Only one horse remained, but time was running out.  Even through the wet cloth it was becoming increasingly difficult to breathe, and his damp clothes were steaming in the heat.   Elrohir looked up at the roof again.  He estimated that they had a few minutes left, no longer.  From outside, he heard Elladan’s voice again, raised in a shout of warning.  “El!  Hurry up – there is not much time!”

“I know!”  he called back.  Elladan would have to be content with that, but he knew how worried his brother would be.  He was worried himself.  Only Feinloth was left now, and Elrohir returned to her in a last ditch attempt to force her out.  If it came to it, could he bring himself to leave her behind?  He knew the answer had to be ‘yes’ eventually, but he wanted to make one last effort.

Aradan joined him, and together, by brute force, they hauled Feinloth out of her stall, her head towards the stable door.   Standing one on each side of her, they guided her past the flames, and were only moments from success and safety when disaster struck.  Elrohir had all but forgotten the storm that had caused this, but there was a loud clap of thunder which proved the final straw for Feinloth.  She broke free, and dashed to the back of the stable.  From outside there was a shrill whinny and a cry of alarm – and then, like a bad dream, Dúath appeared through the smoke, heading back into the stable.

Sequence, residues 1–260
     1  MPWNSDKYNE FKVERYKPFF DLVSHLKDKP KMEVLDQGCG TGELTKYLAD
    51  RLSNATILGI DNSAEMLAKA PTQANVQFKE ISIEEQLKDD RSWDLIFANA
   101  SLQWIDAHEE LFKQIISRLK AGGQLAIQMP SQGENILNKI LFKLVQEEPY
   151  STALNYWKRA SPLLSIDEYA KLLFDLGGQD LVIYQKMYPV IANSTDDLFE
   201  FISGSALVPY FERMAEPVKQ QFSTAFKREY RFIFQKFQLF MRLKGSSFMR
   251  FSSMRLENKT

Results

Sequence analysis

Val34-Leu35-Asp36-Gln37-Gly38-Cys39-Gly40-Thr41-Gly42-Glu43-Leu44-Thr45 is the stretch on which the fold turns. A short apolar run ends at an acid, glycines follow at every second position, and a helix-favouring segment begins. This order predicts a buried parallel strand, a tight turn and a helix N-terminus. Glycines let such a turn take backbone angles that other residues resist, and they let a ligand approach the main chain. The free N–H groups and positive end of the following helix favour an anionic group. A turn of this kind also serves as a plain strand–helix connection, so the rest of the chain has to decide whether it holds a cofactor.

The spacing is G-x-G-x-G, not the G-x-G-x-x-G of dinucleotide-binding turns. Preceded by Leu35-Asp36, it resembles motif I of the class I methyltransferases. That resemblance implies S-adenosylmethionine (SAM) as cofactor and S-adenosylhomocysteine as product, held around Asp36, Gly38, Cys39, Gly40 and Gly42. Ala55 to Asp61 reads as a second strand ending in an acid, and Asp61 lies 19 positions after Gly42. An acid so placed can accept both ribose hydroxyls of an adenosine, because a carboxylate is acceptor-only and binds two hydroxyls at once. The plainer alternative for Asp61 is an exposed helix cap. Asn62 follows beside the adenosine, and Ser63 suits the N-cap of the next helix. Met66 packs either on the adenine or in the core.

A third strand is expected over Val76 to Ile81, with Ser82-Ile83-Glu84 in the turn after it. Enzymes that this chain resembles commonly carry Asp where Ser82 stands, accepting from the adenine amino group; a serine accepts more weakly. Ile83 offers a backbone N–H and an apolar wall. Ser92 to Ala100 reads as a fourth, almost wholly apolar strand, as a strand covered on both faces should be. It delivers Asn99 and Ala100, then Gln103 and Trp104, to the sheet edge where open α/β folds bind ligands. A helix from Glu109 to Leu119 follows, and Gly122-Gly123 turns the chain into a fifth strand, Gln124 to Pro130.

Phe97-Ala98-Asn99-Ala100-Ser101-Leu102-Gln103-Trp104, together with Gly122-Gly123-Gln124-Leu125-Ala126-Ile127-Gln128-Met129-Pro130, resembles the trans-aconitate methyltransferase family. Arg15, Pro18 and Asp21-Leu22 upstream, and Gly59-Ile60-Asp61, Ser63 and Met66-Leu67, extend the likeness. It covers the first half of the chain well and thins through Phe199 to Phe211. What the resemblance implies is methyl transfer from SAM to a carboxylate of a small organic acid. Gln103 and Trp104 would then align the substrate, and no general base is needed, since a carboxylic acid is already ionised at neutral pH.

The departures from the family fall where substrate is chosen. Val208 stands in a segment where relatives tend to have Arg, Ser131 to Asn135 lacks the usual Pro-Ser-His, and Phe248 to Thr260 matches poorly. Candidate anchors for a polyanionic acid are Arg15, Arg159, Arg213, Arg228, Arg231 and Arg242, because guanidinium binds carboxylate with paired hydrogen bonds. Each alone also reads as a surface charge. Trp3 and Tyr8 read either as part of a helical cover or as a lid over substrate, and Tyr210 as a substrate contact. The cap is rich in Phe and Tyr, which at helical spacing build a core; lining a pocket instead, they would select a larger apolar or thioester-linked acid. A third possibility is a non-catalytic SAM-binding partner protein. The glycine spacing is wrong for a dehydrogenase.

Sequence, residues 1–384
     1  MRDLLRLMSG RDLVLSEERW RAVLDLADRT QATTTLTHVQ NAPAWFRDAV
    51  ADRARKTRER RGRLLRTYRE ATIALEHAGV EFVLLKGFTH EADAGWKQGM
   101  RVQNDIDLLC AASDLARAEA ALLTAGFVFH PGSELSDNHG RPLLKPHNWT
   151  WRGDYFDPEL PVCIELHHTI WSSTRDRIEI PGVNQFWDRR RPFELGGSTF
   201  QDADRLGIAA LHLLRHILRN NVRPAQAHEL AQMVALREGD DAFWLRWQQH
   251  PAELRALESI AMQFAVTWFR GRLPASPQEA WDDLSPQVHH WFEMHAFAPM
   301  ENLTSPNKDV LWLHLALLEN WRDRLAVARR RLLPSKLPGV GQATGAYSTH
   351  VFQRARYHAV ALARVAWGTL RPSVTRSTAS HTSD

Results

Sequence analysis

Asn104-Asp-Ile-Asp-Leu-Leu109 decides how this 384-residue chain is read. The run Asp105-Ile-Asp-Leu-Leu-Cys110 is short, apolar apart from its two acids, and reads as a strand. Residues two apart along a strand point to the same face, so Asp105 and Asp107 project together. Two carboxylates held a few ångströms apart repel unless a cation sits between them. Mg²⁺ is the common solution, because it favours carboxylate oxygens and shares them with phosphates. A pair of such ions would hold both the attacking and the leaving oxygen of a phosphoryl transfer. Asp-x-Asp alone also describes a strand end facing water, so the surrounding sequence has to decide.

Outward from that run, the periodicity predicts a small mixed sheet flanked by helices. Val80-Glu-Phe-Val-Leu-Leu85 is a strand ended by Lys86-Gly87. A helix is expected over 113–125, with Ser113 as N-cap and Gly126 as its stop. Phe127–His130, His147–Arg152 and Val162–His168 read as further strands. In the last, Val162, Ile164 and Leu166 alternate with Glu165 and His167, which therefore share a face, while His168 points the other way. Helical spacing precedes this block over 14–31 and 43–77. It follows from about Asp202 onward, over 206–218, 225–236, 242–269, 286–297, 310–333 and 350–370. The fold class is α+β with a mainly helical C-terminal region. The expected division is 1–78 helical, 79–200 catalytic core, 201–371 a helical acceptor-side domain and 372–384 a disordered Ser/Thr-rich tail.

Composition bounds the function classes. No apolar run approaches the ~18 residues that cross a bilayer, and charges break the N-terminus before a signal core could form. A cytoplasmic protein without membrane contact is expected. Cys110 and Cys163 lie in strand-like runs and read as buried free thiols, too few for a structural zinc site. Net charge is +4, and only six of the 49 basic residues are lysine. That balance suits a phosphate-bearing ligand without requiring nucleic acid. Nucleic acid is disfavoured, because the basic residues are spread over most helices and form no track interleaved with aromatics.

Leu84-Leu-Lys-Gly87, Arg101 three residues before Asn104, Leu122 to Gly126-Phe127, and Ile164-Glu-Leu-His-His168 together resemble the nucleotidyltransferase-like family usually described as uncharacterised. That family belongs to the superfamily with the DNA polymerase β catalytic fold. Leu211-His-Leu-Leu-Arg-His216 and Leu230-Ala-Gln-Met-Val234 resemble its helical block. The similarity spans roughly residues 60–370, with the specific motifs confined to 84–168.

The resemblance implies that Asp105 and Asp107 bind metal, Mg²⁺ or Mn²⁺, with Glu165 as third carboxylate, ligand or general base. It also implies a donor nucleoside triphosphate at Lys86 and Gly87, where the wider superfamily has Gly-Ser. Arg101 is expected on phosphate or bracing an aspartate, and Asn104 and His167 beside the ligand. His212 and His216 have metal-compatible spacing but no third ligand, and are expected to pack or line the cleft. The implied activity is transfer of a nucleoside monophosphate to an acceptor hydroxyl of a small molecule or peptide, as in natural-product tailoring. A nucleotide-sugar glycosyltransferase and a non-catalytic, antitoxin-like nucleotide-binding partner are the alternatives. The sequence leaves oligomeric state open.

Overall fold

“Balrog’s balls!  What are they doing out there?”  Elrohir demanded.  He plunged after the horses, dodging to one side as a piece of burning thatch fell from the roof.  He could dimly hear Elladan shouting his name, but it was too late.  They had run out of time.  Flames shot up across the doorway, a wall of fire that drove them back from the fierce heat to retreat against the far wall.

He glanced at Aradan, seeing his own fear reflected there. They were trapped.  This was no way to die, but their only chance of survival lay ahead.  He gazed at the wall of flame in dread.  It would require all his courage, strength and determination to do this.